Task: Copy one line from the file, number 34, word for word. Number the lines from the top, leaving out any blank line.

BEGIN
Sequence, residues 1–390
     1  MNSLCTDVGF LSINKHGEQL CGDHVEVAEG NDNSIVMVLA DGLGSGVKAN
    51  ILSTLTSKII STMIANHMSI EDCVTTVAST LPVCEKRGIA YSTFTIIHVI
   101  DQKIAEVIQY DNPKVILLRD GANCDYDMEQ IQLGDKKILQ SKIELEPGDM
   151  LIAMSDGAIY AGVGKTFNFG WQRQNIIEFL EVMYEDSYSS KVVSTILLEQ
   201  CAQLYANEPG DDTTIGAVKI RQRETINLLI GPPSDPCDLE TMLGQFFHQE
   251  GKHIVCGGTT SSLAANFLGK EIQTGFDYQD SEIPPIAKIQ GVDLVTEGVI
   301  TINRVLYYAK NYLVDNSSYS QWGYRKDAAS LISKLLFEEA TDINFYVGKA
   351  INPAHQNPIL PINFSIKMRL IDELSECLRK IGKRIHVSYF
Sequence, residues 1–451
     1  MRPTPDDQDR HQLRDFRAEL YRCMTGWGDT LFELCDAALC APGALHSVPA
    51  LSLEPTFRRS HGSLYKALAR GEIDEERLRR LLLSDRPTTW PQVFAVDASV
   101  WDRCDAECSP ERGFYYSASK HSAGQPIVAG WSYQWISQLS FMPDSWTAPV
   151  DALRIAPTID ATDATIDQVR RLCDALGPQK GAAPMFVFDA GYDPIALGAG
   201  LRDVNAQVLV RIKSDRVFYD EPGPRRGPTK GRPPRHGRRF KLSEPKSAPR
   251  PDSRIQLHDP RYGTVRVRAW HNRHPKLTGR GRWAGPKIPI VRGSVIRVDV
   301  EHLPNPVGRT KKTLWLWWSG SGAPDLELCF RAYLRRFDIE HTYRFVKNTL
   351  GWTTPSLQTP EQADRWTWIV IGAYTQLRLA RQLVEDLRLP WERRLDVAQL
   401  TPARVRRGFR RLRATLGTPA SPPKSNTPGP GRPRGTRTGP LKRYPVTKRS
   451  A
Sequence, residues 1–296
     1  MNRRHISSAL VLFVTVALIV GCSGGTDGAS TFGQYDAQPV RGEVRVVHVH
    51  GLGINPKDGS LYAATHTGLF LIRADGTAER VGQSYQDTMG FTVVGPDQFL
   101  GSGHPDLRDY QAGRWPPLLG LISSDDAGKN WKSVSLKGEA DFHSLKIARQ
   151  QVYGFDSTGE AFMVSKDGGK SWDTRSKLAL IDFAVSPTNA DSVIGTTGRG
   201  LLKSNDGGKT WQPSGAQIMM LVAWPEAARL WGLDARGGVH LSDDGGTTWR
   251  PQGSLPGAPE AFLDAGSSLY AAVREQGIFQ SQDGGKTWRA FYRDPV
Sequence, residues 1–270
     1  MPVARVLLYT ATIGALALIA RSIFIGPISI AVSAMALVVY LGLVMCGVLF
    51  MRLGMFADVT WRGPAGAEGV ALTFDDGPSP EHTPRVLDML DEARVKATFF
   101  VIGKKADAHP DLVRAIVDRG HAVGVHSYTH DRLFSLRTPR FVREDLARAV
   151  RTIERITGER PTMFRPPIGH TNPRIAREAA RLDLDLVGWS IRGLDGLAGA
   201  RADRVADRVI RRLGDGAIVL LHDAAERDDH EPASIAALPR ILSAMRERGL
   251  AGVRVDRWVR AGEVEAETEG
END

   251  AGVRVDRWVR AGEVEAETEG